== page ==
The local legal experts said the union's maneuvering Thursday should not prevent the sides from reaching a deal.

Simmer said he expected a deal “at the midnight hour.”

“If there is a settlement, look for one closer to the drop-dead date the league had previously announced,” Simmer said. “That allows both parties to claim that they fought as hard as they could to get the best deal under the circumstances.”

The circumstances

The lockout dates to Sept. 15, and games are canceled through Jan. 14. Training camps must open Jan. 12 for a 48-game season to begin a week later, Bettman said.

Several NHL players have taken to social media to announce they are returning to North America after playing with European teams, though Penguins' league MVP and scoring champion Evgeni Malkin said he will wait to leave Russia's Kontinental Hockey League until the league publicly confirms a start date for training camps.

Penguins players added an extra day to their Southpointe practices this week.

“We're just trying to be patient for the next 10 days here, and we'll see what happens,” defenseman Brooks Orpik said.

Note: Penguins defenseman Kris Letang will soon be in Russia to play for SKA St. Petersburg of the KHL. Letang has agreed to terms to play with that club for the duration of the NHL lockout.

Rob Rossi is a staff writer for Trib Total Media. He can be reached at or @RobRossi_Trib.

TribLIVE commenting policy

You are solely responsible for your comments and by using you agree to our Terms of Service.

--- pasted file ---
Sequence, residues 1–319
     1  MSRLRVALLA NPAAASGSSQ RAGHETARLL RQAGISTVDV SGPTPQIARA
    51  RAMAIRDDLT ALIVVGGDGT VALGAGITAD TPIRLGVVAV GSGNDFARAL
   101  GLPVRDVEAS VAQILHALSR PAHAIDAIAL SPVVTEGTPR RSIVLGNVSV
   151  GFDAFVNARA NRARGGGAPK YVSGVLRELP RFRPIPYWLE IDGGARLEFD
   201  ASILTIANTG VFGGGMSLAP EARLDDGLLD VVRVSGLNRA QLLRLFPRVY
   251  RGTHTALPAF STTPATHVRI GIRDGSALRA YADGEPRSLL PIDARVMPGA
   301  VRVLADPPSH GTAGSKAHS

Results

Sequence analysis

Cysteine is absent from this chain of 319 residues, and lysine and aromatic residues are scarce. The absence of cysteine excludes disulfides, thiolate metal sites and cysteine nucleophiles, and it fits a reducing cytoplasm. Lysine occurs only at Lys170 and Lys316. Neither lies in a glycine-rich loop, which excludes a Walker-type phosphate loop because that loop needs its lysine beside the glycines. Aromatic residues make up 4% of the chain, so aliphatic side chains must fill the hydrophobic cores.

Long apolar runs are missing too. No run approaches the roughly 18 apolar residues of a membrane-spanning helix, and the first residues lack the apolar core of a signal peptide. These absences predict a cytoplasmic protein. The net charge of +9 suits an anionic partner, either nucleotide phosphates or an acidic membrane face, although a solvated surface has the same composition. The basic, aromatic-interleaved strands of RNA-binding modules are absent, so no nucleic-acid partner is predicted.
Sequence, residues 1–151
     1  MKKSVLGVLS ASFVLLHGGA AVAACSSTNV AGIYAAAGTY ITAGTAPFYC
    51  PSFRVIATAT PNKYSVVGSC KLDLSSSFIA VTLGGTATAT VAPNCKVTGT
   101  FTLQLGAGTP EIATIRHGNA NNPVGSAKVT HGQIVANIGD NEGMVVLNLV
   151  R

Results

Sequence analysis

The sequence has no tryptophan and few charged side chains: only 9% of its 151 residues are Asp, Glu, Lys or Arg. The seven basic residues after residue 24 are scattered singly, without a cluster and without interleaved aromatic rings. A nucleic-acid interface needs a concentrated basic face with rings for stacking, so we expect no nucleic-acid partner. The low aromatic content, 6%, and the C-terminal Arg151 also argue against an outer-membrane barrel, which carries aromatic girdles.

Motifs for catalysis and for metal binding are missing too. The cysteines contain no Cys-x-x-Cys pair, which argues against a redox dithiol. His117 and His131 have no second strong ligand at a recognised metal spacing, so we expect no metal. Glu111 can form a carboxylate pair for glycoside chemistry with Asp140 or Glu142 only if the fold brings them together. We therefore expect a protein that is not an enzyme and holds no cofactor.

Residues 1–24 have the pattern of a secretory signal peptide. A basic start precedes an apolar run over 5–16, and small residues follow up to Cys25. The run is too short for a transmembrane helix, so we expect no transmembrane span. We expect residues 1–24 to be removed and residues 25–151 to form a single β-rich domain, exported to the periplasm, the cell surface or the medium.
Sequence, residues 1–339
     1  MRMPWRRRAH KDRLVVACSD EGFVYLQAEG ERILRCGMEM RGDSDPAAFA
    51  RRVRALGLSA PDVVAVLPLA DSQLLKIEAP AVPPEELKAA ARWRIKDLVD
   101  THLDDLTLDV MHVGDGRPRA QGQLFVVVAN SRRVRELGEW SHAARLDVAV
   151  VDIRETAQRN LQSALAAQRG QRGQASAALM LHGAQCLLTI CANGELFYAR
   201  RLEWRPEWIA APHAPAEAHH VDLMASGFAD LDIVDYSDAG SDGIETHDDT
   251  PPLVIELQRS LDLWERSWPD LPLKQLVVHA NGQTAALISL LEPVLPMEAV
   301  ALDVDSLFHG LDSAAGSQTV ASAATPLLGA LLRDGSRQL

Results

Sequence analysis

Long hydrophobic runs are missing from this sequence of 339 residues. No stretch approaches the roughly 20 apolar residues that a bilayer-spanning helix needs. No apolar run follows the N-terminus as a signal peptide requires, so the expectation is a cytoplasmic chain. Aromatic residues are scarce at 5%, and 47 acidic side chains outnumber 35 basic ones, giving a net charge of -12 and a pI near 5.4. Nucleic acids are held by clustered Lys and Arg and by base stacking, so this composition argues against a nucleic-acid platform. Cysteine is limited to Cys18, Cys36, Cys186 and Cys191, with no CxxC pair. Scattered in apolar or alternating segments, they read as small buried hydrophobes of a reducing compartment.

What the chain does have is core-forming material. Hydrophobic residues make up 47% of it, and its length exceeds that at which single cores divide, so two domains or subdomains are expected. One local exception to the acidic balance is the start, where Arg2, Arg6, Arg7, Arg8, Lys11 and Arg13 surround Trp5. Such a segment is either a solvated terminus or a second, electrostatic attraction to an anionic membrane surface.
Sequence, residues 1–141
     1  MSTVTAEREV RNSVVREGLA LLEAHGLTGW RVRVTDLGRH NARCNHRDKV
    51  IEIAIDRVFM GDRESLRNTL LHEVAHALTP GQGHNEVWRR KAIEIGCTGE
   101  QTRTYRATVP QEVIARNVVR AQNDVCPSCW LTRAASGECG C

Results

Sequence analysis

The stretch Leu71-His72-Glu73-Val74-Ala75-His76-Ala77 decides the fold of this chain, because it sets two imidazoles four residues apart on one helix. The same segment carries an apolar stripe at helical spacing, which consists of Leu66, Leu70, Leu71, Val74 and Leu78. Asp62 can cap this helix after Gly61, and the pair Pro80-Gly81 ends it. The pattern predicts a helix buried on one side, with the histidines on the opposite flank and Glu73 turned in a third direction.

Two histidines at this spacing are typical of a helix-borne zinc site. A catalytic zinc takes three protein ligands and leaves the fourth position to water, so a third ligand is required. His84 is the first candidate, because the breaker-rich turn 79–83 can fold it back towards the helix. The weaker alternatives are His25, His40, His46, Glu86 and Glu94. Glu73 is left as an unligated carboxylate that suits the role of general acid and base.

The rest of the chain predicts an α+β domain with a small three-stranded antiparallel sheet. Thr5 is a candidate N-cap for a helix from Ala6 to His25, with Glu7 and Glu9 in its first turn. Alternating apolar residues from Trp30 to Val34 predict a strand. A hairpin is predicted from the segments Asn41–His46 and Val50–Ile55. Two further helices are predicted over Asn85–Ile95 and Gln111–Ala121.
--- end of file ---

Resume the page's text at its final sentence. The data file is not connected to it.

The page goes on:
We moderate comments. Our goal is to provide substantive commentary for a general readership. By screening submissions, we provide a space where readers can share intelligent and informed commentary that enhances the quality of our news and information.

While most comments will be posted if they are on-topic and not abusive, moderating decisions are subjective. We will make them as carefully and consistently as we can. Because of the volume of reader comments, we cannot review individual moderation decisions with readers.

We value thoughtful comments representing a range of views that make their point quickly and politely. We make an effort to protect discussions from repeated comments either by the same reader or different readers

We follow the same standards for taste as the daily newspaper. A few things we won't tolerate: personal attacks, obscenity, vulgarity, profanity (including expletives and letters followed by dashes), commercial promotion, impersonations, incoherence, proselytizing and SHOUTING. Don't include URLs to Web sites.

We do not edit comments. They are either approved or deleted. We reserve the right to edit a comment that is quoted or excerpted in an article. In this case, we may fix spelling and punctuation.

We welcome strong opinions and criticism of our work, but we don't want comments to become bogged down with discussions of our policies and we will moderate accordingly.

We appreciate it when readers and people quoted in articles or blog posts point out errors of fact or emphasis and will investigate all assertions. But these suggestions should be sent via e-mail. To avoid distracting other readers, we won't publish comments that suggest a correction. Instead, corrections will be made in a blog post or in an article.